How Doctors Are Fueling the Opioid Epidemic

3 minute read

In news profiles of the victims of the opioid epidemic, the narrative is familiar: a person gets a legal prescription for an opioid from their doctor after throwing out their back, then accidentally fall into a life of addiction.

Dr. Michael Barnett, assistant professor of health policy and management at the Harvard T. H. Chan School of Public Health, wanted to scrutinize stories like these with a scientist’s lens. “What’s the beginning of this transition to chronic opioid use?” he wondered. “How does that happen?”

In a new study published in the New England Journal of Medicine, Barnett and his team found that doctors, indeed, have a lot to do with who starts chronically taking opioids. And which doctor you happen to see may help determine whether or not you develop a habit.

Using Medicare insurance claims data, the research team looked at people mostly over age 65 who came into the emergency room. The researchers only considered those who hadn’t filled a prescription for opioids in the past six months, in order to eliminate those who were chronic opioid users.

They also ranked emergency physicians within the same hospital as high prescribers of opioids or low prescribers.

“There’s very little guidance on how and when to prescribe opioids to patients,” Barnett says. Therefore, he and his team thought they’d find that doctors prescribe opioids at different rates.

But they saw much more variation than they expected. Doctors in the top 25% of prescribers prescribed an opioid for nearly 1 in 4 of these emergency department patients, while in the bottom group, physicians prescribed patients opioids only 7% of the time. In other words, patients who saw a high prescriber were three times more likely to get an opioid prescription.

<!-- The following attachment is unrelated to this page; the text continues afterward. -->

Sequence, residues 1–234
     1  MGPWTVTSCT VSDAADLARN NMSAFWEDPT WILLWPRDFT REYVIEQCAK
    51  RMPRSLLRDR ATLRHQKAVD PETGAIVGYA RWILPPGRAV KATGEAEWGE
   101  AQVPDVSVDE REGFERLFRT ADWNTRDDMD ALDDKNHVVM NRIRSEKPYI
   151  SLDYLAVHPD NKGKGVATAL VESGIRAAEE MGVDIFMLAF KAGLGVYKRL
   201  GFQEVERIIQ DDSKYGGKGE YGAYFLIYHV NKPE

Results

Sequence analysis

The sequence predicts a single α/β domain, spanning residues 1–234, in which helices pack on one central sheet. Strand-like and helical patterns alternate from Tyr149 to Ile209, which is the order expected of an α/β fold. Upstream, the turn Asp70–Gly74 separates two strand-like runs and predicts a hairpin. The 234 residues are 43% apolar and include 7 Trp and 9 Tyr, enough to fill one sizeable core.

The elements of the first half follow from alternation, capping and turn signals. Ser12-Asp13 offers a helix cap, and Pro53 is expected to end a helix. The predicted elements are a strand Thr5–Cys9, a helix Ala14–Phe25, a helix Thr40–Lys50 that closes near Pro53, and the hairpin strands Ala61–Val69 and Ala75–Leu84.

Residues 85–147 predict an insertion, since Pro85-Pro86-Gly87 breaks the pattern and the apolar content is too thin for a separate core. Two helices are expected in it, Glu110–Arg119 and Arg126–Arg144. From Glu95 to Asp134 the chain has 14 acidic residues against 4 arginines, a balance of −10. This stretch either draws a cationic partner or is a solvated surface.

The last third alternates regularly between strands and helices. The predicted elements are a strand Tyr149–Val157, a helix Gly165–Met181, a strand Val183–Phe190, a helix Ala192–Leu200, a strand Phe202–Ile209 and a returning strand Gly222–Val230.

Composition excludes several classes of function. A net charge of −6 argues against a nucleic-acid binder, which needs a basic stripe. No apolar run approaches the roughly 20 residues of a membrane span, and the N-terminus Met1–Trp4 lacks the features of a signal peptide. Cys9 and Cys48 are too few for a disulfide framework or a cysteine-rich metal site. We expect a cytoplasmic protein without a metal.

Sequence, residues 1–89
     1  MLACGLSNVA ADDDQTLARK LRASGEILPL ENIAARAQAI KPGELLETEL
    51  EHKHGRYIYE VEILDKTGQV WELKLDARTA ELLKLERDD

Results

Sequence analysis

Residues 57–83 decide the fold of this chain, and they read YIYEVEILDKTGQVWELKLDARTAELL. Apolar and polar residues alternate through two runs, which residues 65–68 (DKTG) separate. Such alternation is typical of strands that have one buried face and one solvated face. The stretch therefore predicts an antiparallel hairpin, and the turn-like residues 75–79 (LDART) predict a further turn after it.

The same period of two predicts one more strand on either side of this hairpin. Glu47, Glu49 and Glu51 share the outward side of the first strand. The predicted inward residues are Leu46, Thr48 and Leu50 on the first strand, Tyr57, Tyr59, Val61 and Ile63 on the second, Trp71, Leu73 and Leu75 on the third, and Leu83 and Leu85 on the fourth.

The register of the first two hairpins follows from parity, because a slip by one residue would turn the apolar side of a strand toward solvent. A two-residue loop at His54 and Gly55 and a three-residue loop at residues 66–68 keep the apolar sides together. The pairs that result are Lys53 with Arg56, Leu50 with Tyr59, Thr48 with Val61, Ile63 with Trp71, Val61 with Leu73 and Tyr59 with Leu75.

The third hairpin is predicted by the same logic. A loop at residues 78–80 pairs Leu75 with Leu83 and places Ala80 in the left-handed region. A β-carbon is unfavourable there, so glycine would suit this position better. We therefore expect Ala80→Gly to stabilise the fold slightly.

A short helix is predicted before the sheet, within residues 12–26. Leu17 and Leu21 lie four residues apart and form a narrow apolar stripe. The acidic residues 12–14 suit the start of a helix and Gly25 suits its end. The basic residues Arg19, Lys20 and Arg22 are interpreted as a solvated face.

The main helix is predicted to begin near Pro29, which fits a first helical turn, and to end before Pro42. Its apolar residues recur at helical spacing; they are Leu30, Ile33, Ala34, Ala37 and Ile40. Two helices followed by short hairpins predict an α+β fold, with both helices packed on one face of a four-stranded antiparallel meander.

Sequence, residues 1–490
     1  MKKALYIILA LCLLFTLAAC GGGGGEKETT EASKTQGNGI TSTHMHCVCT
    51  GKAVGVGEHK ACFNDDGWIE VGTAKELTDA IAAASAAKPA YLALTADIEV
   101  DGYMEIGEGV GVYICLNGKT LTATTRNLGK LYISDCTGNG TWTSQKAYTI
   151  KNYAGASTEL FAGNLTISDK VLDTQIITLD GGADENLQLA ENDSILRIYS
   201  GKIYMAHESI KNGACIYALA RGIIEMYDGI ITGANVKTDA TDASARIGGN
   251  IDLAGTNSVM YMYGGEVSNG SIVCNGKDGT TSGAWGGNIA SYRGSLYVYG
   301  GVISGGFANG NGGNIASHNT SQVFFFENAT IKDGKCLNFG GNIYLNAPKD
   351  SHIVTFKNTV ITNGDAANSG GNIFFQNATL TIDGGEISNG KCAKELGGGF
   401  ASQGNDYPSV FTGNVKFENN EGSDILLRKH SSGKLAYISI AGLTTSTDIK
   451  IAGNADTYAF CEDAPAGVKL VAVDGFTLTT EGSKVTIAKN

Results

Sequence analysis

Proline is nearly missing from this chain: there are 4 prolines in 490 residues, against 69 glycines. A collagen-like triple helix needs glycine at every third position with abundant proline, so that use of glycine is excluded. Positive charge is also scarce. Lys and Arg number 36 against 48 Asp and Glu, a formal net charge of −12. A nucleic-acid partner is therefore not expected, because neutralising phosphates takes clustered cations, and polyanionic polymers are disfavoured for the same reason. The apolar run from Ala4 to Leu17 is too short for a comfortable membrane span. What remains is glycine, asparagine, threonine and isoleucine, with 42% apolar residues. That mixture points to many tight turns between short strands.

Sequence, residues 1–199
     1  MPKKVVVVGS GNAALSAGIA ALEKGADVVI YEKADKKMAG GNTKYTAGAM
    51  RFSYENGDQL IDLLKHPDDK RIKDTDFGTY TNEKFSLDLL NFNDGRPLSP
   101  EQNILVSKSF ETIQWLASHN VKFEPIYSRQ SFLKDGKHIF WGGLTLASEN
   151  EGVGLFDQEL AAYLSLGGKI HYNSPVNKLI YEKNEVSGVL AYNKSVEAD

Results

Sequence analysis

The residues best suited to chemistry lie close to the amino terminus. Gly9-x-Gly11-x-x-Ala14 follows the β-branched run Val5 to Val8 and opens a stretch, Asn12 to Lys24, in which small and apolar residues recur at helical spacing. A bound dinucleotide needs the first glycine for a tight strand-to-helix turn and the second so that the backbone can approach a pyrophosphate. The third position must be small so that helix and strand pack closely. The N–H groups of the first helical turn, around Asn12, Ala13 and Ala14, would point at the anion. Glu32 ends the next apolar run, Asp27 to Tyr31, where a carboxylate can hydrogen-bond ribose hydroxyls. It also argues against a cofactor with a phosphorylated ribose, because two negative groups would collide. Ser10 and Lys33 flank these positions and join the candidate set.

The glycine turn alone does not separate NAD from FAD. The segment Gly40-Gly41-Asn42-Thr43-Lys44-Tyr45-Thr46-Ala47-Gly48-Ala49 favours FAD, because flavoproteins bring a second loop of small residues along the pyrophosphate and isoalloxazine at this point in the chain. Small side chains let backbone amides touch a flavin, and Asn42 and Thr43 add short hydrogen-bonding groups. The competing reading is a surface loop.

To see if this made any real difference in the lives of patients, they looked at which patients were still filling opioid prescriptions months down the line: a sign of long-term use. They found a 30% difference simply based on whether that patient had seen a high prescriber or a low prescriber.

“These are folks who come in for acute pain, and they don’t really get to choose the doctor they see,” Barnett says. Yet for every 48 of these emergency department patients prescribed an opioid, one became a long-term user.

The study wasn’t designed to evaluate whether these long-term users were addicted or dependent on opioids, though Barnett says it “probably does represent some form of dependence for a lot of those patients.”

This problem of overprescribing opioids—and, according to other research, failing to warn patients about the risks of dependence and overdose—isn’t unique to emergency doctors. Physicians in other specialties, like internal medicine and primary care, prescribe even more opioids, Barnett says. “The whole medical community has a responsibility for this.”

More research is needed to develop guidelines for safe and effective treatment of pain with opioids, Barnett says. “I think it’s a warning shot to doctors about understanding the risks of these medications and communicating them much more clearly—both to each other during training, as well as the patients.”

The results also highlight the potential dangers of opioids for anyone prescribed them. “There is a damaging effect of even that first initial prescription you get,” Barnett says.

More Must-Reads From TIME

Write to Mandy Oaklander at